abraham, humanity of Birnbaum and Dillon, Philo of Alexandria: On the Life of Abraham: Introduction, Translation, and Commentary (2020) 336
abraham, wealth of Birnbaum and Dillon, Philo of Alexandria: On the Life of Abraham: Introduction, Translation, and Commentary (2020) 336
anaxagoras Taylor and Hay, Philo of Alexandria: On the Contemplative Life: Introduction, Translation and Commentary (2020) 165
angels, and not eating Birnbaum and Dillon, Philo of Alexandria: On the Life of Abraham: Introduction, Translation, and Commentary (2020) 252
angels, incorporeal nature of Birnbaum and Dillon, Philo of Alexandria: On the Life of Abraham: Introduction, Translation, and Commentary (2020) 252
anthropology Hirsch-Luipold, Plutarch and the New Testament in Their Religio-Philosophical Contexts (2022) 153, 154
aqedah Birnbaum and Dillon, Philo of Alexandria: On the Life of Abraham: Introduction, Translation, and Commentary (2020) 3
aristotle Putthoff, Ontological Aspects of Early Jewish Anthropology (2016) 87
bad vs. good Birnbaum and Dillon, Philo of Alexandria: On the Life of Abraham: Introduction, Translation, and Commentary (2020) 169
beneficent power, rewritten Birnbaum and Dillon, Philo of Alexandria: On the Life of Abraham: Introduction, Translation, and Commentary (2020) 3
beneficent power, the bible Birnbaum and Dillon, Philo of Alexandria: On the Life of Abraham: Introduction, Translation, and Commentary (2020) 3
berthelot, katell Taylor and Hay, Philo of Alexandria: On the Contemplative Life: Introduction, Translation and Commentary (2020) 165
body Putthoff, Ontological Aspects of Early Jewish Anthropology (2016) 87
child(ren) Malherbe et al., Light from the Gentiles: Hellenistic Philosophy and Early Christianity: Collected Essays of Abraham J (2014) 565
collocutions Birnbaum and Dillon, Philo of Alexandria: On the Life of Abraham: Introduction, Translation, and Commentary (2020) 336
creator, creation Novenson, Monotheism and Christology in Greco-Roman Antiquity (2020) 205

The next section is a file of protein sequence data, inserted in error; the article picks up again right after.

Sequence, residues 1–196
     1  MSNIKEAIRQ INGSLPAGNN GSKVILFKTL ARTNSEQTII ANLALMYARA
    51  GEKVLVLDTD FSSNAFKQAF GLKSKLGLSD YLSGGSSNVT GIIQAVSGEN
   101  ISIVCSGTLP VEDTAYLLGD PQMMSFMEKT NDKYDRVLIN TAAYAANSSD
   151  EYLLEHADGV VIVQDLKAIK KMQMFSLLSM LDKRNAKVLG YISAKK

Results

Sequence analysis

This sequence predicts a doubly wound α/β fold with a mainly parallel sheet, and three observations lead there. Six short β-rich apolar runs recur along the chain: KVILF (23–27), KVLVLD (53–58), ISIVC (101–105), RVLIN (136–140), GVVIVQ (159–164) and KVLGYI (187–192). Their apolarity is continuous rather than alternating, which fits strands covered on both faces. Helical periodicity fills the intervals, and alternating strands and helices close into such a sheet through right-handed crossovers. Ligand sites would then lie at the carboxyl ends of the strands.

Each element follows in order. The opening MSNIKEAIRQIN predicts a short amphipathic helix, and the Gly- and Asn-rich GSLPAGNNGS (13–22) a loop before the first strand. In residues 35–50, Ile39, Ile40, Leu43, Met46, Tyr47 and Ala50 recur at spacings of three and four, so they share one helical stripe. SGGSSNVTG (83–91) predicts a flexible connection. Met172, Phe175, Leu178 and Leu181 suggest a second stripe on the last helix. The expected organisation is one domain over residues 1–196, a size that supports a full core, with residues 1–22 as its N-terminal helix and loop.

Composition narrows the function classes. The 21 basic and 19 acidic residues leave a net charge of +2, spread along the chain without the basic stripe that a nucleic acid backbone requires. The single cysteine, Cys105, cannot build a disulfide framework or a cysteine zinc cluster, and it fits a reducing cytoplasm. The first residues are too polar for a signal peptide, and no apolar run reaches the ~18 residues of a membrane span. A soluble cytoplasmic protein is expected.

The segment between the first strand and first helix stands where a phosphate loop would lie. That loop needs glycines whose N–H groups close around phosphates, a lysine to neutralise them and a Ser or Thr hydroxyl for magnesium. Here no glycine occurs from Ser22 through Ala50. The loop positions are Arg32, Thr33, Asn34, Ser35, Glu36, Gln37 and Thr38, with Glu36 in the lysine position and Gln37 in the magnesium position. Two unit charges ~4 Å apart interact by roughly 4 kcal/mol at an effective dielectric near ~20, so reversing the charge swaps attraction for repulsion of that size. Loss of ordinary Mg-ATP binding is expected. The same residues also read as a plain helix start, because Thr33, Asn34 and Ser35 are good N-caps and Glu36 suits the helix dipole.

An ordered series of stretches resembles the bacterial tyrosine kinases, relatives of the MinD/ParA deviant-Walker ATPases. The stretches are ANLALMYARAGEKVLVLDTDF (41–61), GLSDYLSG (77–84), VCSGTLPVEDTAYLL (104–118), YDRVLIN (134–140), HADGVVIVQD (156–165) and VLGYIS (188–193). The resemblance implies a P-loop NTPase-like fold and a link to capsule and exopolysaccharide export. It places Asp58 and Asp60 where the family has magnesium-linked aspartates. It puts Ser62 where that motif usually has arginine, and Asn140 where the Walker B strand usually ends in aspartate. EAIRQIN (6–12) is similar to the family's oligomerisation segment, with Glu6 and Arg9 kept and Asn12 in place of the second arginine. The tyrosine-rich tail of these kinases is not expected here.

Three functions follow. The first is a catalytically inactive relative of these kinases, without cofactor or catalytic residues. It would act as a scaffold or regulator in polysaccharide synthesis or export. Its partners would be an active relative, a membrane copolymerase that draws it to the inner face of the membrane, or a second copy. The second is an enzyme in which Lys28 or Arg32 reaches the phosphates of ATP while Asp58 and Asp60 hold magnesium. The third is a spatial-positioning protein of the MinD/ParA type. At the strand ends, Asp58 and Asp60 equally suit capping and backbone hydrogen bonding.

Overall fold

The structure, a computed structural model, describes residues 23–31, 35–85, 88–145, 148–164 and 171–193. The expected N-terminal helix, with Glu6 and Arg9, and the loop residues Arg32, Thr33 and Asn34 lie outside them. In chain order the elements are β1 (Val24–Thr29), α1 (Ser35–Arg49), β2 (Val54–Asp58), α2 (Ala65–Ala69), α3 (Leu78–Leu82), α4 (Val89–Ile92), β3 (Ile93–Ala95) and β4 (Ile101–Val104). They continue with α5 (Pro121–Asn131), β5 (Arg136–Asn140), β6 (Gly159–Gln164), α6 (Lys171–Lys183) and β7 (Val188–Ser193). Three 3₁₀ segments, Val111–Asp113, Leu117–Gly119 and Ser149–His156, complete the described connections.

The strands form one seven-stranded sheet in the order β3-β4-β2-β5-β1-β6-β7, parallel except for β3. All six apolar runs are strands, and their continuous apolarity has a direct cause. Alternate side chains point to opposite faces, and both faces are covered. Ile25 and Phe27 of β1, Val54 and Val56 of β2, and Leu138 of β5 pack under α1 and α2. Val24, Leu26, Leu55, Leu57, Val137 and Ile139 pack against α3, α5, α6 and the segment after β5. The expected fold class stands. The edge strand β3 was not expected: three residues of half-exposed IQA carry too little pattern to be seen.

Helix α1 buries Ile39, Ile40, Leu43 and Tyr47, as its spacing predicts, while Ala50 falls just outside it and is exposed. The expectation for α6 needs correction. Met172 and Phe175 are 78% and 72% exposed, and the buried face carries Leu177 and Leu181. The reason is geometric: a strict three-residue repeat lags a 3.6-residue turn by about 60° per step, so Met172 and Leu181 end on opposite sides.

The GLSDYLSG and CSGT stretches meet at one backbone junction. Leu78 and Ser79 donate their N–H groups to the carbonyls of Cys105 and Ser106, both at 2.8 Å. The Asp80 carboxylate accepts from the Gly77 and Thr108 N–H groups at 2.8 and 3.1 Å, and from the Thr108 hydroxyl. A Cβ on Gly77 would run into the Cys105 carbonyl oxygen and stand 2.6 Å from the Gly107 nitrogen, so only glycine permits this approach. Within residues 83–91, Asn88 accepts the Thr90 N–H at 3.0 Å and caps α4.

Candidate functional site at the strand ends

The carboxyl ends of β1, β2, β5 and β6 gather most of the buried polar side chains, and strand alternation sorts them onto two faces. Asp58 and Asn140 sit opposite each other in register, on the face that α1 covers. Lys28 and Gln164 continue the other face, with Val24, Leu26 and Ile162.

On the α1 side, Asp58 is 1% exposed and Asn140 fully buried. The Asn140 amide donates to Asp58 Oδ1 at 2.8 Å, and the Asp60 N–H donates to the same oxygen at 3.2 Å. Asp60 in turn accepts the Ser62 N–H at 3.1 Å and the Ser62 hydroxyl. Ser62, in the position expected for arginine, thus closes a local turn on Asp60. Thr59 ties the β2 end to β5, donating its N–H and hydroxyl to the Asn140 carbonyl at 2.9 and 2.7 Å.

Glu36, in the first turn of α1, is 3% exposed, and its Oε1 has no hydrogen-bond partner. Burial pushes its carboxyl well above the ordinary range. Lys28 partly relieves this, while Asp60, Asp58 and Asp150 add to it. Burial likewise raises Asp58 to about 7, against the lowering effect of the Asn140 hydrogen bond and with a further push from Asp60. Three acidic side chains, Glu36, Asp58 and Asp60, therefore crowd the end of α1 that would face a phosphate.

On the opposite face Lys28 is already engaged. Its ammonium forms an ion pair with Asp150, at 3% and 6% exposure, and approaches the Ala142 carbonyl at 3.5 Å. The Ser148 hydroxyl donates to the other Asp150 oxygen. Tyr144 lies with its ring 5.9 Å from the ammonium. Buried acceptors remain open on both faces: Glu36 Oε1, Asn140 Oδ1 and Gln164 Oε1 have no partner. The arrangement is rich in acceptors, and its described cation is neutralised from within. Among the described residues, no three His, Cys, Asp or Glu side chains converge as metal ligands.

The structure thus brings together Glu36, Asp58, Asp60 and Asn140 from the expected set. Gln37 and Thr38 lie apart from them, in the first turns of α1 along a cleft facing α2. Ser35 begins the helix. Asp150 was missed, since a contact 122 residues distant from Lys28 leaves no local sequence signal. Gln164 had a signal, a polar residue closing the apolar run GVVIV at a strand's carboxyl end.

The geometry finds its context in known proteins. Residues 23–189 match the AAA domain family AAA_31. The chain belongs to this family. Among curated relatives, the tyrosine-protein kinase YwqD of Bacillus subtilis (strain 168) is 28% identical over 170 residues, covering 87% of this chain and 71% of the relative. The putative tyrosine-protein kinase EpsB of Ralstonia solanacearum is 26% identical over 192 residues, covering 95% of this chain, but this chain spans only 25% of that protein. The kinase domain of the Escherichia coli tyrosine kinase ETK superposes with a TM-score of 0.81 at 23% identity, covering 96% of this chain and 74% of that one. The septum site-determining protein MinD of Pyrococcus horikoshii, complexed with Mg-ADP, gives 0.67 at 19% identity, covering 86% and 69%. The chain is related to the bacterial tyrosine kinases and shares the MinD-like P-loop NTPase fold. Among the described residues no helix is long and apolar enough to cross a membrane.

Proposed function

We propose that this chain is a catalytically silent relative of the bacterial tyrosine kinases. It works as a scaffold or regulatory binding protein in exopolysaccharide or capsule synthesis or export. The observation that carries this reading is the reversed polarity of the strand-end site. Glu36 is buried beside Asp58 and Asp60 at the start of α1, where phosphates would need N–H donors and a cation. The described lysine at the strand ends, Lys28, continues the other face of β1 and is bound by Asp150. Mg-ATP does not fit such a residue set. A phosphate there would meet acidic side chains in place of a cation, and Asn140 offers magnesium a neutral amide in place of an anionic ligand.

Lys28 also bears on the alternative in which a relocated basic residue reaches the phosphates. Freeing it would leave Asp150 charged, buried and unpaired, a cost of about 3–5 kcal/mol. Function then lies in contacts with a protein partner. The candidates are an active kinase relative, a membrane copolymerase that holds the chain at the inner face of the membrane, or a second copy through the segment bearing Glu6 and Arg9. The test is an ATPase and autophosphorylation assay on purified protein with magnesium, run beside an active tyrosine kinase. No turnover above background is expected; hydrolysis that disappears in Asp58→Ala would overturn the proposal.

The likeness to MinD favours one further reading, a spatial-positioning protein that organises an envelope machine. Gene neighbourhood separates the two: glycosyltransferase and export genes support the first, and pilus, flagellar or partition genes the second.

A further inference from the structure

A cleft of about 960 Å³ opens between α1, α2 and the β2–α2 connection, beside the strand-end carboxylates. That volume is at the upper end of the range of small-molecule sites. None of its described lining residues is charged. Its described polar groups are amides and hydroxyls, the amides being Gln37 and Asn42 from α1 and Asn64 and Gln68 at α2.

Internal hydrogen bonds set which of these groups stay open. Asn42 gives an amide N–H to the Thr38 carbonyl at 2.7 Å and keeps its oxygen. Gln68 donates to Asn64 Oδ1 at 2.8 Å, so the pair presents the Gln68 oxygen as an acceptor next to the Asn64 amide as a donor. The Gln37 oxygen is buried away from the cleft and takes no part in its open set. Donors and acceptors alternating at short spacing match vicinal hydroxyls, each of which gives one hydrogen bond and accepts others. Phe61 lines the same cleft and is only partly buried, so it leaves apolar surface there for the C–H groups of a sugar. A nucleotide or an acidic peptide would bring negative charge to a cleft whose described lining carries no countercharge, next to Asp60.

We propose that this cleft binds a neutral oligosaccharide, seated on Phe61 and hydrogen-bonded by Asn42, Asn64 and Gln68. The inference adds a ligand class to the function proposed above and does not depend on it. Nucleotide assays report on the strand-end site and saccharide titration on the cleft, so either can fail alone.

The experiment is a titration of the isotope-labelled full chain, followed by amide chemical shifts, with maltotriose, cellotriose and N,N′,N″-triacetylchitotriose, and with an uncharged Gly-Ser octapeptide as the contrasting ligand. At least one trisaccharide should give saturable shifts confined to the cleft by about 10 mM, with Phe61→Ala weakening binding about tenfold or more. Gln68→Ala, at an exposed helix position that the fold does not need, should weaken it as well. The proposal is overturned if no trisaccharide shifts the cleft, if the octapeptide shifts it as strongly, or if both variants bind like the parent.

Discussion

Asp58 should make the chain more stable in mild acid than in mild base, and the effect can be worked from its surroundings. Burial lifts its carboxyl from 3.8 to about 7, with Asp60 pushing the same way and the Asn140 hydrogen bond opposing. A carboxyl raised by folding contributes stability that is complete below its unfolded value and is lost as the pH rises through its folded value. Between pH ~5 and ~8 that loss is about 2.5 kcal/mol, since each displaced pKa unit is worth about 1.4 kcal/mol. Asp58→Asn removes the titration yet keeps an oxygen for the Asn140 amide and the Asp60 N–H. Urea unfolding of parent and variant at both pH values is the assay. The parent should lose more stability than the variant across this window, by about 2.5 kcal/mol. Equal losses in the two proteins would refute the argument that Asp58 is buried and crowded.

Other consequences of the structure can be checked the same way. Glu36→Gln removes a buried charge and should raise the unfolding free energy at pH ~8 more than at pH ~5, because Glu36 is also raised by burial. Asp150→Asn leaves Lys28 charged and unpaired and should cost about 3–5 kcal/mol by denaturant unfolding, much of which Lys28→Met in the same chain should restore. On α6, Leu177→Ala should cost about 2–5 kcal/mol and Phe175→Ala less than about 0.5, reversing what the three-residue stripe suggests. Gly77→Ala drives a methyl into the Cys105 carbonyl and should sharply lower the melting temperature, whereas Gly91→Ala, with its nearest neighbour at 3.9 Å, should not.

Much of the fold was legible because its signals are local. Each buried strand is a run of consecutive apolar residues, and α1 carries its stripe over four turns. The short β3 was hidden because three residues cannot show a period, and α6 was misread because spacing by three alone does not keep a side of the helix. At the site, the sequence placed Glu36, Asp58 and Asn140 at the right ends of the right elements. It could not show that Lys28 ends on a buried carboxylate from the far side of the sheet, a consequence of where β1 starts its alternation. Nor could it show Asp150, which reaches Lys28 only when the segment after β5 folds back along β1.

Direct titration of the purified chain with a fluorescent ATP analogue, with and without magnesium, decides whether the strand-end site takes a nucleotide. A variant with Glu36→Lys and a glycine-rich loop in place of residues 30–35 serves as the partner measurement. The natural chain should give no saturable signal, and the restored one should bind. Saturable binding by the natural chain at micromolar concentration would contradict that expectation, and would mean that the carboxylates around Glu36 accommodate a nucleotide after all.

diatribe Birnbaum and Dillon, Philo of Alexandria: On the Life of Abraham: Introduction, Translation, and Commentary (2020) 169
dispute between abraham and lot, literal interpretation of Birnbaum and Dillon, Philo of Alexandria: On the Life of Abraham: Introduction, Translation, and Commentary (2020) 336
dispute between abraham and lot Birnbaum and Dillon, Philo of Alexandria: On the Life of Abraham: Introduction, Translation, and Commentary (2020) 336
domestic violence Malherbe et al., Light from the Gentiles: Hellenistic Philosophy and Early Christianity: Collected Essays of Abraham J (2014) 565
enoch Birnbaum and Dillon, Philo of Alexandria: On the Life of Abraham: Introduction, Translation, and Commentary (2020) 169
enos, as self-taught Birnbaum and Dillon, Philo of Alexandria: On the Life of Abraham: Introduction, Translation, and Commentary (2020) 162
enos, etymology of Birnbaum and Dillon, Philo of Alexandria: On the Life of Abraham: Introduction, Translation, and Commentary (2020) 162
enos, unwritten law and Birnbaum and Dillon, Philo of Alexandria: On the Life of Abraham: Introduction, Translation, and Commentary (2020) 162
enos Birnbaum and Dillon, Philo of Alexandria: On the Life of Abraham: Introduction, Translation, and Commentary (2020) 162
epictetus Hirsch-Luipold, Plutarch and the New Testament in Their Religio-Philosophical Contexts (2022) 154
epistle, pastorals Malherbe et al., Light from the Gentiles: Hellenistic Philosophy and Early Christianity: Collected Essays of Abraham J (2014) 565
ethical interpretation, as part of a literal interpretation Birnbaum and Dillon, Philo of Alexandria: On the Life of Abraham: Introduction, Translation, and Commentary (2020) 3
ethical interpretation, sections lacking Birnbaum and Dillon, Philo of Alexandria: On the Life of Abraham: Introduction, Translation, and Commentary (2020) 3
etymologies, of enos Birnbaum and Dillon, Philo of Alexandria: On the Life of Abraham: Introduction, Translation, and Commentary (2020) 162
exposition of the law, audience of Birnbaum and Dillon, Philo of Alexandria: On the Life of Abraham: Introduction, Translation, and Commentary (2020) 3
exposition of the law, moses and Birnbaum and Dillon, Philo of Alexandria: On the Life of Abraham: Introduction, Translation, and Commentary (2020) 3
exposition of the law, relation of, to other philonic works Birnbaum and Dillon, Philo of Alexandria: On the Life of Abraham: Introduction, Translation, and Commentary (2020) 3
exposition of the law, sequence of treatises in Birnbaum and Dillon, Philo of Alexandria: On the Life of Abraham: Introduction, Translation, and Commentary (2020) 3
exposition of the law Birnbaum and Dillon, Philo of Alexandria: On the Life of Abraham: Introduction, Translation, and Commentary (2020) 3
faith Hirsch-Luipold, Plutarch and the New Testament in Their Religio-Philosophical Contexts (2022) 153
fant, maureen b. Sly, Philo's Perception of Women (1990) 200
father Novenson, Monotheism and Christology in Greco-Roman Antiquity (2020) 205
firstborn Novenson, Monotheism and Christology in Greco-Roman Antiquity (2020) 205
four, the number Birnbaum and Dillon, Philo of Alexandria: On the Life of Abraham: Introduction, Translation, and Commentary (2020) 162
gardner, jane. f. Sly, Philo's Perception of Women (1990) 200
god, representations of, creator Rogers, God and the Idols: Representations of God in 1 Corinthians 8-10 (2016) 64